The first problem within Project Euler isn’t meant to twist the brain in knots and is a gentle introduction to what is coming further down the road. The problem states:
If we list all the natural numbers below 10 that are multiples of 3 or 5, we get 3, 5, 6 and 9. The sum of these multiples is 23.
Find the sum of all the multiples of 3 or 5 below 1000.
As I mentioned in my initial post about exploring Project Euler, I noted that I often write in a lowest common denominator with whatever language I’m using at the time. The net effect of that decision is often a working but poorly optimised solution or a solution that doesn’t fit well with the spirit of the programming language.
The solution to problem #1 took three distinct evolutions, the first of which is below and looks like a solution you’d likely see in any programming language:
i = 1 sum = 0 while i < 1000: if i % 3 == 0 or i % 5 == 0: sum += i i += 1 print sum
I wasn’t a fan of needing to declare the variables to start with for such a simple problem, so removed the need for the
i but using the Python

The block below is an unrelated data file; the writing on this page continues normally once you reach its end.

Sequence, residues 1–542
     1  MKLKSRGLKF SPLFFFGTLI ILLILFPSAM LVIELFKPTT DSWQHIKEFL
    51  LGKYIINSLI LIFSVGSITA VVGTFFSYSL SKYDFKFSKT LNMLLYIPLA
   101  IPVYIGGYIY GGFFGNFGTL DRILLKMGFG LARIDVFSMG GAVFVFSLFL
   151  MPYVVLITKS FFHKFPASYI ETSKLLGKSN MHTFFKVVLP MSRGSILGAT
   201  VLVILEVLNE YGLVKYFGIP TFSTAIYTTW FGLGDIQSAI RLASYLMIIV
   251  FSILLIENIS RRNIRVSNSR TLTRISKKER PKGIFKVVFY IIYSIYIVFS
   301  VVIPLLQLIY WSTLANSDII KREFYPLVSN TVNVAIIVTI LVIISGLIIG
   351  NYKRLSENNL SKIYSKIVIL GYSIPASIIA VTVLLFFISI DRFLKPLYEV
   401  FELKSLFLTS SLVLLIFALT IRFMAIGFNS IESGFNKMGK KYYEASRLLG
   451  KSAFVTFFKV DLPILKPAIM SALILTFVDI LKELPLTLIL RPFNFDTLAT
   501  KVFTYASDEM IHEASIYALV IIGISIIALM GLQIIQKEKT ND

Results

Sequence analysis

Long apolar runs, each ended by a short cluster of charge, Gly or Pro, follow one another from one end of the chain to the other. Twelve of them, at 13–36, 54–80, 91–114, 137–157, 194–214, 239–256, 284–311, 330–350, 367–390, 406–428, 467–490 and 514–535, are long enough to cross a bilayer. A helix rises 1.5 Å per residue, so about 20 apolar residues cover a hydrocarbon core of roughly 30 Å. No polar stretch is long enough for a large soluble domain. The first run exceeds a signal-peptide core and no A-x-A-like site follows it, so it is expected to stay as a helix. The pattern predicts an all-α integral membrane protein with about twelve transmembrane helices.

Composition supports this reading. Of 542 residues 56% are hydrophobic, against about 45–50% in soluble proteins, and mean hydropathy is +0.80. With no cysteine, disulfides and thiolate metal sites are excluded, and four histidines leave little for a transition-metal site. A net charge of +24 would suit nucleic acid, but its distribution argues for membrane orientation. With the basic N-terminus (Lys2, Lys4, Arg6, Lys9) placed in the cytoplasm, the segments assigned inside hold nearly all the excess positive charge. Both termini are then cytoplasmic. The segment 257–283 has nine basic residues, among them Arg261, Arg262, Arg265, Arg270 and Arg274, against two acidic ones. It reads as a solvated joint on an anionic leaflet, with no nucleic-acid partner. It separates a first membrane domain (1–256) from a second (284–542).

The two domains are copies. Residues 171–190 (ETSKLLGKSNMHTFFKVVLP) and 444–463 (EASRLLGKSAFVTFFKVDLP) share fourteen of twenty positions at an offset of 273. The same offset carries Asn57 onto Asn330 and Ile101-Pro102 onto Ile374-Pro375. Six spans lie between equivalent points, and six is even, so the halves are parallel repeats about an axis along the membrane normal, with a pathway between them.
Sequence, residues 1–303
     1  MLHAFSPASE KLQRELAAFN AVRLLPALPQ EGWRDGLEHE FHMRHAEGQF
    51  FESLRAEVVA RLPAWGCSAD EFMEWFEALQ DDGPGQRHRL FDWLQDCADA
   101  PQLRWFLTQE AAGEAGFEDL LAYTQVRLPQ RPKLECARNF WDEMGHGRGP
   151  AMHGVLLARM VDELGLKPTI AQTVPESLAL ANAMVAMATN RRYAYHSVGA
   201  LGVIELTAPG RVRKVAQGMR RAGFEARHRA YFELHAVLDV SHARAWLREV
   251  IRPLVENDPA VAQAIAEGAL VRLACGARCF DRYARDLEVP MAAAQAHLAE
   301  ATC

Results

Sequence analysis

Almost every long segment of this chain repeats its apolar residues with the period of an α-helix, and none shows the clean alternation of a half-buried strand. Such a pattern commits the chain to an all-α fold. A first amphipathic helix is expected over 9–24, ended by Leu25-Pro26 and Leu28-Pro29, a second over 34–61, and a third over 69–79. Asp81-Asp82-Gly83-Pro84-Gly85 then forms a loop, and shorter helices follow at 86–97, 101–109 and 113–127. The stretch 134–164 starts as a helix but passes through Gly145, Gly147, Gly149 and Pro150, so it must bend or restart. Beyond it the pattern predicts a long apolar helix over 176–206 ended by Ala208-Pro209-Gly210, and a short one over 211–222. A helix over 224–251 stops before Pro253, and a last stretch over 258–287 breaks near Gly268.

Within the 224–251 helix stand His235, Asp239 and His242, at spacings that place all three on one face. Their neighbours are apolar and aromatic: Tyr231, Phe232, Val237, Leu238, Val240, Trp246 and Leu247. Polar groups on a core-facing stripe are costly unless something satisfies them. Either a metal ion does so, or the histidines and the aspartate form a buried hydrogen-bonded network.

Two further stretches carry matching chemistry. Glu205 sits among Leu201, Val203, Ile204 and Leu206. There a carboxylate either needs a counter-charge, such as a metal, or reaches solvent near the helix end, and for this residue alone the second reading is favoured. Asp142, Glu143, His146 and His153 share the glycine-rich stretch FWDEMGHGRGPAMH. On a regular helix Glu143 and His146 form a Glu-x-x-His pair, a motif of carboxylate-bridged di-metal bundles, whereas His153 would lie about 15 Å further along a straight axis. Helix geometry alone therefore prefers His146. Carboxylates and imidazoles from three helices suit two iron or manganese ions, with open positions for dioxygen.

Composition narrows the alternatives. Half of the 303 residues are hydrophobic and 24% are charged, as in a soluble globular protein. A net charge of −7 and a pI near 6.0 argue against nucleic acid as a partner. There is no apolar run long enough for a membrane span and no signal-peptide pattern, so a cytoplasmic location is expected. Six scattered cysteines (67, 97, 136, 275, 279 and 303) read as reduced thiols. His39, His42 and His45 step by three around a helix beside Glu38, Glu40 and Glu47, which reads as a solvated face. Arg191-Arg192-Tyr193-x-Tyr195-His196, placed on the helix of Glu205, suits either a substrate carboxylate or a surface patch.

range function to generate a series of numbers. The
range function allows you to generate any length series of numbers, starting and ending where you want with any stepping. By default, it starts at 0 and a stepping of 1 – which means
range(1000) is going to generate a list of numbers from 0 – 999.
sum = 0 for x in range(1000): if x % 3 == 0 or x % 5 == 0: sum += x print sum
Python provides functionality for its lists called list comprehensions. The idea behind a list comprehension is that you can perform the same action, whatever that may be, against each item in the set. In the final solution below, I have applied a filter (the
if statements), which now only returns those items from the
for x in range that match and I’m not applying an expression to the resulting matches (the solitary
x before the
for). Once collected the new list is passed to the
sum function to yield our result.
sum([x for x in range(1000) if x % 3 == 0 or x % 5 == 0])